As a company with a proactive safety culture, this motor carrier wanted to reinforce the importance of pre-trip inspections with their drivers. So, they prepared a tractor with two out-of-service violations and six non-out-of-service violations at their terminal. When the drivers returned to the terminal after completing their cargo, they were asked to perform a pre-trip inspection on prepared equipment and identify any violations.
Drivers who were unable to find all violations had to review that information with their safety director to prevent future violations that might have been discovered during a pre-trip quality inspection. It is now part of your ongoing training and orientation process with new drivers. These efforts can help the company reduce the costs of potential inspections, violations and accidents, all a direct reflection of its proactive safety efforts and culture. The company was successful in implementing this procedure. Driver awareness increased, and while a noticeable improvement in CSA scores was seen early in the implementation, the overall number of violations has begun to decline.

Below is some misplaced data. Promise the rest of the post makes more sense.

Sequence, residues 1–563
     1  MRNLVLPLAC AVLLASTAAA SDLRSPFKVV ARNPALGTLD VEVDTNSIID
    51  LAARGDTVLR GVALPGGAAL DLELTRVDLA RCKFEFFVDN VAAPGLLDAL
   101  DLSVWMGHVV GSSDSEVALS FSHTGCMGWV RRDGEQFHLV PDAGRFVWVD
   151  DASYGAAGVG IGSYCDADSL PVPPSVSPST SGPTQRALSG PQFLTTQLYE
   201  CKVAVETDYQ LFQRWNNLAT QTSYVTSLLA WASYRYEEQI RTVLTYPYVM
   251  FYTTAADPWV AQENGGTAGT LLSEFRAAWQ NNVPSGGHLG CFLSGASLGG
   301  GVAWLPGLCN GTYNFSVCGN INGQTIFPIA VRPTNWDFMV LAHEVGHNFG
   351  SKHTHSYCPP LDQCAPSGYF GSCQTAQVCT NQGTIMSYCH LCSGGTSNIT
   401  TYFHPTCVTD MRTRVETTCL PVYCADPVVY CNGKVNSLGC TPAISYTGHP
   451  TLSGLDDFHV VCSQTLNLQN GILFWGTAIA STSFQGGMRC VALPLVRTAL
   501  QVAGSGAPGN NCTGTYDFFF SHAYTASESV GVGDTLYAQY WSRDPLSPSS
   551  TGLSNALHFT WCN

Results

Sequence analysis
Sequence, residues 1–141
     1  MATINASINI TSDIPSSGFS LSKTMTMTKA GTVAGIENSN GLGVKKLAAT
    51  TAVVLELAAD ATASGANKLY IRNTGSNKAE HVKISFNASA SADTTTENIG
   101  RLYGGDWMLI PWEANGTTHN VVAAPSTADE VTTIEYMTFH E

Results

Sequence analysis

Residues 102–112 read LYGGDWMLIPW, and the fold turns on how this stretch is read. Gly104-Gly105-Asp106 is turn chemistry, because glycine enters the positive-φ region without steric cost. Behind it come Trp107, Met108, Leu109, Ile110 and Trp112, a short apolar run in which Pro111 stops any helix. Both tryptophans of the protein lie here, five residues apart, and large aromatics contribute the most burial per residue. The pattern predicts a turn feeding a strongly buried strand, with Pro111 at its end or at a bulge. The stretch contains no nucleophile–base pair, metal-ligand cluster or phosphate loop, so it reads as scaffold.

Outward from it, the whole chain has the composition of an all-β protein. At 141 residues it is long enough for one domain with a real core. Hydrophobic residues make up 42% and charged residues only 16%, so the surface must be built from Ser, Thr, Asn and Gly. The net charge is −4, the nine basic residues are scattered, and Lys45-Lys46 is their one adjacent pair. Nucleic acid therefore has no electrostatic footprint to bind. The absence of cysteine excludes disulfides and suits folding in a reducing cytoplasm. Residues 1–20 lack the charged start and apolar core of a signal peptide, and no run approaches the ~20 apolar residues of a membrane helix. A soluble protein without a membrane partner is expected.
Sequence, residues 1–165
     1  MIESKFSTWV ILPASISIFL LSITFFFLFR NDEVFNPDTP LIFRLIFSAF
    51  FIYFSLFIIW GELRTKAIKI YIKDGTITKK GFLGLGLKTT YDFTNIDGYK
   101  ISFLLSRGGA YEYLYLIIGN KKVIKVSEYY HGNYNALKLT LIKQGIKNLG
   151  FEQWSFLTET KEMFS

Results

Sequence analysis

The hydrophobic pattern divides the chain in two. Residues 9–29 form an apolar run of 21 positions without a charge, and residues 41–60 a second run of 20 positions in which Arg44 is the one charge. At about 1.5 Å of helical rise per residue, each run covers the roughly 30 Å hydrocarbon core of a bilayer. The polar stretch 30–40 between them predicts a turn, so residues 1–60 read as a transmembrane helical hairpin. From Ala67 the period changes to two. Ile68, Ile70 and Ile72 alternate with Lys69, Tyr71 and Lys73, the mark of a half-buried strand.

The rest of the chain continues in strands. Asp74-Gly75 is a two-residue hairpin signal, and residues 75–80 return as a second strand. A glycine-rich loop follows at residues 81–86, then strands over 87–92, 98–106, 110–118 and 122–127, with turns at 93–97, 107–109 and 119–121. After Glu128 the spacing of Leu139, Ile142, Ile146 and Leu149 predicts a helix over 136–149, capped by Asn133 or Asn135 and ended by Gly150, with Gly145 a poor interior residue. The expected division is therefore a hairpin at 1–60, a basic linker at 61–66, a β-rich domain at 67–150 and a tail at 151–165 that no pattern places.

The key to preventing security problems
The common denominator between these four stories is the willingness of each fleet to accept and carry out the best practices to avoid safety problems and loss of control. They take advantage of available resources, including the resources of their insurance company, to proactively monitor and improve their security programs. With this approach, fleet motor carriers can position themselves for greater success in the future.
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By Nick Martin